I was tempted one fine frosty afternoon to take a walk with my husband on the ice, which I was assured was perfectly safe. I must confess for the first half-mile I felt very timid, especially when the ice is so transparent that you may see every little pebble or weed at the bottom of the water. Sometimes the ice was thick and white, and quite opaque. As we kept within a little distance of the shore, I was struck by the appearance of some splendid red berries on the leafless bushes that hung over the margin of the lake, and soon recognized them to be the aforesaid high-bush cranberries. My husband soon stripped the boughs of their tempting treasure, and I, delighted with my prize, hastened home, and boiled the fruit with some sugar, to eat at tea with our cakes. I never ate any thing more delicious than they proved; the more so perhaps from having been so long without tasting fruit of any kind, with the exception of preserves, during our journey, and at Peterborough.
Soon after this I made another excursion on the ice, but it was not in quite so sound a state. We nevertheless walked on for about three-quarters of a mile. We were overtaken on our return by S------ with a handsleigh, which is a sort of wheelbarrow, such as porters use, without sides, and instead of a wheel, is fixed on wooden runners, which you can drag over the snow and ice with the greatest ease, if ever so heavily laden. S------ insisted that he would draw me home over the ice like a Lapland lady on a sledge. I was soon seated in state, and in another minute felt myself impelled forward with a velocity that nearly took away my breath. By the time we reached the shore I was in a glow from head to foot.
You would be pleased with the situation of our house. The spot chosen is the summit of a fine sloping bank above the lake, distant from the water’s edge some hundred or two yards: the lake is not quite a mile from shore to shore. To the south again we command a different view, which will be extremely pretty when fully opened—a fine smooth basin of water, diversified with beautiful islands, that rise like verdant groves from its bosom. Below these there is a fall of some feet, where the waters of the lakes, confined within a narrow channel between beds of limestone, rush along with great impetuosity, foaming and dashing up the spray in mimic clouds.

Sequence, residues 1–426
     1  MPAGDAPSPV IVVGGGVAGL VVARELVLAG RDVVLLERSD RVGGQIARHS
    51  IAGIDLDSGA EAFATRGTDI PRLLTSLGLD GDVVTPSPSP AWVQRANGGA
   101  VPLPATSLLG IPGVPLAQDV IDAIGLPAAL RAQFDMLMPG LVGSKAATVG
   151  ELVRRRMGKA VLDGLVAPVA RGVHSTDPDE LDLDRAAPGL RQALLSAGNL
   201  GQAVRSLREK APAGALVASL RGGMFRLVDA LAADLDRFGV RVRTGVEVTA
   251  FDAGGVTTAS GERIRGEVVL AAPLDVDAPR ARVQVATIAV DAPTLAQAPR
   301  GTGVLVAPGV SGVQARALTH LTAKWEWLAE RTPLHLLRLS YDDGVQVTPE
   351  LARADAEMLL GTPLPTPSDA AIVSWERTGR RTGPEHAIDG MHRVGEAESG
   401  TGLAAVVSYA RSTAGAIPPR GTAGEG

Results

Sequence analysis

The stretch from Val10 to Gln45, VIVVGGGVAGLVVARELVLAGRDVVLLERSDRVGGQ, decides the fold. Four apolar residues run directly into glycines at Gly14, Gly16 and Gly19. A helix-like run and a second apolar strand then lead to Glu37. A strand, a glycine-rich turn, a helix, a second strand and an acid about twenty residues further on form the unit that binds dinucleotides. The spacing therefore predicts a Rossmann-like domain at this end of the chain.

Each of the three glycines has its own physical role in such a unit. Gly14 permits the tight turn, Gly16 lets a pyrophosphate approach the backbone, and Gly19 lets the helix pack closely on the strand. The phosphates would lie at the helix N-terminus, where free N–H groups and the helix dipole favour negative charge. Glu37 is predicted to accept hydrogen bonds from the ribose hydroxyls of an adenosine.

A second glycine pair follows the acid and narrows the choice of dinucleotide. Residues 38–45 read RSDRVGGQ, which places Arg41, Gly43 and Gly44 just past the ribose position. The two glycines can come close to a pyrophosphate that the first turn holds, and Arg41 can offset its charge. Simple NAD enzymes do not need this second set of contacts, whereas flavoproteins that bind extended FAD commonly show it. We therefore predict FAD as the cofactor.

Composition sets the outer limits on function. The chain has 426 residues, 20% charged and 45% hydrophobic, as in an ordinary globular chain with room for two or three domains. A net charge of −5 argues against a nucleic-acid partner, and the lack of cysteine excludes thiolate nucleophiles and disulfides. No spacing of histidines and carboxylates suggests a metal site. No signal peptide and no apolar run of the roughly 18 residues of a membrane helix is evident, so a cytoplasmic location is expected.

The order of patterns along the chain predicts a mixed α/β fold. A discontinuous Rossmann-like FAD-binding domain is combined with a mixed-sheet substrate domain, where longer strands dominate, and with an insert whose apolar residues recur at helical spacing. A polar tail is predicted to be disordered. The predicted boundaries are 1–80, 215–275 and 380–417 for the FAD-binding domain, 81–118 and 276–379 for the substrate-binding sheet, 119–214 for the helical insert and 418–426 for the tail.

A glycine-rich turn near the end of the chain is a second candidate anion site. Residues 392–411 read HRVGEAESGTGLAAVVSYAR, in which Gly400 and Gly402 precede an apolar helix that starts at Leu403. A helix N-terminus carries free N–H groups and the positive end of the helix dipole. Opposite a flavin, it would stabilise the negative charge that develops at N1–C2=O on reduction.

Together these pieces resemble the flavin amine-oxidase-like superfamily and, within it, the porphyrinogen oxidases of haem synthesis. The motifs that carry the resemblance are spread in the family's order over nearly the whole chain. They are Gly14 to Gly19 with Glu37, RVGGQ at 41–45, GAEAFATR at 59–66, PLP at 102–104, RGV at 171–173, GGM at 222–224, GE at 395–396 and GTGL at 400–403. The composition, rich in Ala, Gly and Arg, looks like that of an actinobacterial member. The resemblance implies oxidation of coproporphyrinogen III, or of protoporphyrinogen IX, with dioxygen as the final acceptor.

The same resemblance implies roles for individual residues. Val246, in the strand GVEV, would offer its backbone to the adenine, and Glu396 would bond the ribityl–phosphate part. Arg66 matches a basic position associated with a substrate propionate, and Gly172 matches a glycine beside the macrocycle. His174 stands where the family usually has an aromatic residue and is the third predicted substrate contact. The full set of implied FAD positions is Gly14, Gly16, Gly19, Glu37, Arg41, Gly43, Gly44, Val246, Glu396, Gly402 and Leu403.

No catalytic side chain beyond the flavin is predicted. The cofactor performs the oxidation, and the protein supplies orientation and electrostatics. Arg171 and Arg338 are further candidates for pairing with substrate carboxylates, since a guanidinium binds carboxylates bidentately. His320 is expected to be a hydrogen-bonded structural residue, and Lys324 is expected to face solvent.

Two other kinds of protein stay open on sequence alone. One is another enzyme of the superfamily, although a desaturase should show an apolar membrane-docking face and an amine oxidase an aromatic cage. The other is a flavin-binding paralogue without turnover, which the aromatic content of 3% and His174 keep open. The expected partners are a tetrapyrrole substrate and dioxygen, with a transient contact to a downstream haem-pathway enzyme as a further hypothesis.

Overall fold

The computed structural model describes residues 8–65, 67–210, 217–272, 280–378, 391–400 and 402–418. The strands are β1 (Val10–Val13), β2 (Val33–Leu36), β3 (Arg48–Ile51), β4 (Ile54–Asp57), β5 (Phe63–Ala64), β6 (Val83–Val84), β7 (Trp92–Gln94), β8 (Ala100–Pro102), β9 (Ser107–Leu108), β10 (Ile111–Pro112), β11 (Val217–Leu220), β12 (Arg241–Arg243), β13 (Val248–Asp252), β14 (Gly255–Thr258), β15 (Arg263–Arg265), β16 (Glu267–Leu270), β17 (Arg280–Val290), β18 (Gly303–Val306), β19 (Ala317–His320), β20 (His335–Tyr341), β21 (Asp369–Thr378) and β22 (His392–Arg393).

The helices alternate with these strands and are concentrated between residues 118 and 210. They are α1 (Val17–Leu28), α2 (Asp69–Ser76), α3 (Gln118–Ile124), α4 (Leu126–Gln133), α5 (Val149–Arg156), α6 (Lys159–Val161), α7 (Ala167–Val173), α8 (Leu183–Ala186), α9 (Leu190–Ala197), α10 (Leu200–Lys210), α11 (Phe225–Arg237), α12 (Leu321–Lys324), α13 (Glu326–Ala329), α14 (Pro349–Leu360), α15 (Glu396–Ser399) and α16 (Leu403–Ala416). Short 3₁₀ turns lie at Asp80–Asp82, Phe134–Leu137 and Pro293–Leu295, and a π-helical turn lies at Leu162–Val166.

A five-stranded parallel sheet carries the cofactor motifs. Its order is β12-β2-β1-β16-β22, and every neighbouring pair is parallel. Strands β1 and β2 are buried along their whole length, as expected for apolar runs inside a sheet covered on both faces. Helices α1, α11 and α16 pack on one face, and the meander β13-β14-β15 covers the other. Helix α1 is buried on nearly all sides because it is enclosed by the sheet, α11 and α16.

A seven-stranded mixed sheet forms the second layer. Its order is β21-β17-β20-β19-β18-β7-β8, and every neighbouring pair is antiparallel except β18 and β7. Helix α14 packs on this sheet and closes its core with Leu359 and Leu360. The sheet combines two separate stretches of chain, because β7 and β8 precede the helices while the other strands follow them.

During the summer the waters are much lower, and we can walk for some way along the flat shores, which are composed of different strata of limestone, full of fossil remains, evidently of very recent formation. Those shells and river-insects that are scattered loose over the surface of the limestone, left by the recession of the waters, are similar to the shells and insects incrusted in the body of the limestone. I am told that the bed of one of the lakes above us (I forget which) is of limestone; that it abounds in a variety of beautiful river-shells, which are deposited in vast quantities in the different strata, and also in the blocks of limestone scattered along the shores. These shells are also found in great profusion in the soil of the Beaver meadows. When I see these things, and hear of them, I regret I know nothing of geology or conchology; as I might then be able to account for many circumstances that at present only excite my curiosity.